AT&T CENTER – One adjustment the San Antonio Spurs made defensively in gave five Thursday, was by switching their perimeter defenders Kawhi Leonard and Danny Green, on Oklahoma City Thunder All-Stars Kevin Durant and Russell Westbrook. Leonard had Westbrook as his assignment, while Green had current MVP Durant as his task defensively.
Westbrook and Durant finished the game with a combined 46 points on 17-of-33 shooting (52%), which on the surface was a very efficient night. However, as you dig deeper into the statistics and why Spurs head coach Gregg Popovich elected to make the switch defensively, it begins to reveal how the Spurs held the Thunder as a team, below 24 points in every quarter, after the first.
“As I’ve said before, they just tried to make those guys work as hard as they can,” said Popovich after the game of Leonard and Green. “They’re (Westbrook and Durant) great players, they’re All-Stars. They’re going to continue to be, and we’re going to hear from those guys for a long time to come, so you’re not going to stop either of them.”
“But I think Danny and Kawhi worked as hard as they could on it,” finished Popovich.
One of the key areas where Green and Leonard had an effect, was in keeping Westbrook and Durant out of the paint as much as possible, and off of the free throw line. Westbrook in particular, only got two shots at the rim, as you can see by his shot chart.
First in looking at Westbrook, he finished the game with 21 points and shot 9 free throws. Per the SportVU data, Westbrook shot 3-of-4 on contested shots, and 3-of-8 uncontested. Overall, 50% of his shots were contested by the Spurs’ defense.
“I think I did okay,” said Leonard of guarding Westbrook, a game after Westbrook had scored 40 points in game four. “We all did well as a group defensively, by just keeping a hand up and forcing difficult shots for everyone. Everyone was there with a hard hedge and just playing the game with aggression and being physical.”
In observing Westbrook’s shot attempts when Leonard and Green defended him, I charted his shots like this.
|Defender vs. Westbrook||FG||FG%|
Again, even though those are very efficient shooting percentages, almost all of them came from outside jumpers, not from Westbrook attacking the paint. Leonard’s length and quickness allowed him to go around screens so he could close off driving lanes from Westbrook, which forced Westbrook to settle for jumpers. With the Spurs’ defense holding the Thunder to 43% shooting on the night, it only allowed the Thunder 4 fast break points on the night, on 2-of-5 shooting. For Westbrook to only attempt 12 shots and just 9 free throws, was a quiet, efficient defensive performance by Leonard and the Spurs.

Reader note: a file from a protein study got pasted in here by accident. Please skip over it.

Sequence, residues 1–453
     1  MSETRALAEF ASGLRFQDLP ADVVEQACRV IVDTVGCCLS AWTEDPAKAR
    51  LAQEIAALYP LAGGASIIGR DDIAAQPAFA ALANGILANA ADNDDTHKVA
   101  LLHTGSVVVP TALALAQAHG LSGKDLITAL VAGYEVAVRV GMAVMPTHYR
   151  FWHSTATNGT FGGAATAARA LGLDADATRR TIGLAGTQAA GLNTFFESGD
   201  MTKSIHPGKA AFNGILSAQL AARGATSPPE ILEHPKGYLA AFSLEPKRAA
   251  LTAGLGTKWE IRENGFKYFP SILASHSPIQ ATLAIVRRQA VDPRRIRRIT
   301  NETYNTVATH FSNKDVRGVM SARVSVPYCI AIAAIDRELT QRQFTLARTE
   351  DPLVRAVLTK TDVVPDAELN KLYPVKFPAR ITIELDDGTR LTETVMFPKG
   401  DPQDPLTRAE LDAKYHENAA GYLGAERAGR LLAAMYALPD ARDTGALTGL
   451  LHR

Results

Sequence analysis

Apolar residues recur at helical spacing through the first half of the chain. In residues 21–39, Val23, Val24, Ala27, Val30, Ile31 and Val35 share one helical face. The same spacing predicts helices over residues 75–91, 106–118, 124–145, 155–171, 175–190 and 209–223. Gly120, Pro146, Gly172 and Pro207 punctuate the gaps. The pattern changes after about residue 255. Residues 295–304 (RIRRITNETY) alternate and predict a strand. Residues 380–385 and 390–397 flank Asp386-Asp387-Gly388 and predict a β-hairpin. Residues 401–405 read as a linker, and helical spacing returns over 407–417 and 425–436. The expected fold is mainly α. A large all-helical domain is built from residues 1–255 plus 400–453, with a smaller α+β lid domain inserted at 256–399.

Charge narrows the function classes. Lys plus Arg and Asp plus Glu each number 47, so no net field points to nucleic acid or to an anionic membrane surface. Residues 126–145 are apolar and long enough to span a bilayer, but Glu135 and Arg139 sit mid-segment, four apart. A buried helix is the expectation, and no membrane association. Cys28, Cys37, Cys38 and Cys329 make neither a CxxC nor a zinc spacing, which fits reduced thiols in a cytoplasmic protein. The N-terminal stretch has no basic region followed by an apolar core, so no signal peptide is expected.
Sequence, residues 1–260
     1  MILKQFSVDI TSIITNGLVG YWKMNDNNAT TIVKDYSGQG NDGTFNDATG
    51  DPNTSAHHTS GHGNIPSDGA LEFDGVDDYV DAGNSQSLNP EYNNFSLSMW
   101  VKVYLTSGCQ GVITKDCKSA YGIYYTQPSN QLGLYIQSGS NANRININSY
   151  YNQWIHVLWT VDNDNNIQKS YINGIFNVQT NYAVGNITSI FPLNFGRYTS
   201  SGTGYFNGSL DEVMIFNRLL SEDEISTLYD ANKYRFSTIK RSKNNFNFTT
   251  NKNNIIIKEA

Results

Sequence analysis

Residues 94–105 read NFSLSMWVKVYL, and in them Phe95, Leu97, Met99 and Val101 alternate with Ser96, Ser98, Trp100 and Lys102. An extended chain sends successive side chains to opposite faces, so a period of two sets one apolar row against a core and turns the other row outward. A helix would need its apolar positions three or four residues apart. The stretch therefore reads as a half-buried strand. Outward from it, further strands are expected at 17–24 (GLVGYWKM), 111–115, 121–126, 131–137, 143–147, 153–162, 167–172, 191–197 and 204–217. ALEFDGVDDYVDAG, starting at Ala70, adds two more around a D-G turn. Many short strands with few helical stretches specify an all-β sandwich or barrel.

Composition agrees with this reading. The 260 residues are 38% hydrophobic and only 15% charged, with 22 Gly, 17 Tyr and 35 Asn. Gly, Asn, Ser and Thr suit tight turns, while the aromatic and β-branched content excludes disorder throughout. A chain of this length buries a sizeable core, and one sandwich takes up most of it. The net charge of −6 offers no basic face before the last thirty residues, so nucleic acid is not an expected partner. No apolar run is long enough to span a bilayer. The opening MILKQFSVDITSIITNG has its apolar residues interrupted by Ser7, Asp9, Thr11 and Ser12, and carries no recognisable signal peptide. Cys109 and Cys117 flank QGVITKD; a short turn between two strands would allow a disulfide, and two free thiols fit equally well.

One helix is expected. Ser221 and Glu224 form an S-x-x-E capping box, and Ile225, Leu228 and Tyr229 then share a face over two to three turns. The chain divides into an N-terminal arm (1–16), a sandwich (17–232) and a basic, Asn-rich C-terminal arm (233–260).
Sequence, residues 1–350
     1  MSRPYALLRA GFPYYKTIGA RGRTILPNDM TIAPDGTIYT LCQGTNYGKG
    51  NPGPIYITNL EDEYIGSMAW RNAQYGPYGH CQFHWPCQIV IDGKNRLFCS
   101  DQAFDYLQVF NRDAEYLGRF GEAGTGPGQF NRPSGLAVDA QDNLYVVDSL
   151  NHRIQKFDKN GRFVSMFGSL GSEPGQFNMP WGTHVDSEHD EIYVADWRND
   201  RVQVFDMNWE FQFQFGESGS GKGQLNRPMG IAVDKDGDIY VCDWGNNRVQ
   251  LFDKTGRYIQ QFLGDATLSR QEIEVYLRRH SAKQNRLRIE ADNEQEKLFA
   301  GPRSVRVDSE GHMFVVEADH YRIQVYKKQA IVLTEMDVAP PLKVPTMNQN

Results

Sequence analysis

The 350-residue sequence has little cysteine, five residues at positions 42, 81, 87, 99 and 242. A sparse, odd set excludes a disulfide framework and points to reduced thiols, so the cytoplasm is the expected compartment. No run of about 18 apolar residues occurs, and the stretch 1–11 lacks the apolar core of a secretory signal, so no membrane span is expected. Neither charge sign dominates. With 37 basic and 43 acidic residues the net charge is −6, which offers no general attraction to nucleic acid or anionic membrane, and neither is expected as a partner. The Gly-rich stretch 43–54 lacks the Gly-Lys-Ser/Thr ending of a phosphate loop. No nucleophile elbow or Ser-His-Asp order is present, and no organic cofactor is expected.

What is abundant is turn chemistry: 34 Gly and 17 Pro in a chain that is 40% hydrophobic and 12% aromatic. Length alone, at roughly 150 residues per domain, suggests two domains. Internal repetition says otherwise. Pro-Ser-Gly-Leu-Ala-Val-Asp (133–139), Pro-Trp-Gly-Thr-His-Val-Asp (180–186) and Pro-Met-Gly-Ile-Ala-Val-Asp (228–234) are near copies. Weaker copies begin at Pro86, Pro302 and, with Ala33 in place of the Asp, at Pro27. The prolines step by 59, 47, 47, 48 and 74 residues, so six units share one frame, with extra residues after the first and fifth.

Durant finished with 25 points on 11-of-21 shooting, but he only got 4 free throw attempts in 37 minutes. Using the SportVU data, Durant shot 9-fo-15 on contested looks, and 2-of-6 uncontested. 71% of Durant’s looks were contested by the Spurs’ defense.
When I went back and charted Durant’s shooting against Green and Leonard, here’s what I found.
|Defender vs. Durant||FG||FG%|
In going back and looking at the game film, Durant mainly got a majority of his points off of possessions where Manu Ginobili, or one of the Spurs’ big men was caught guarding him. Against Green and Leonard, Durant wasn’t as efficient in scoring the basketball.
So exactly why did Popovich elect to go with the switch before the game? According to Green, it went back to how the Thunder were using the Westbrook – Durant pick-and-roll to take advantage of the Spurs’ defense in game four.
“Pop wanted to try something new,” Green told me, “because they like to run a lot of pick-and-rolls 1-3 with Russ and KD. We figured that we could just switch.”
“But they didn’t do it a lot tonight,” continued Green. “I guess he trusted in me and everybody else to help me out, to keep him (Durant) under control a little bit, but we know they’ll probably run more 1-3 pick and rolls in Game 6.”
As you can see from that last line by Green, you might expect to see Green on Durant and Leonard on Westbrook Saturday in game six. It worked in San Antonio on this Thursday night, the question is whether it’ll work Saturday in Oklahoma City?
(Statistics via NBA.com/stats, SportVU, Synergy Sports)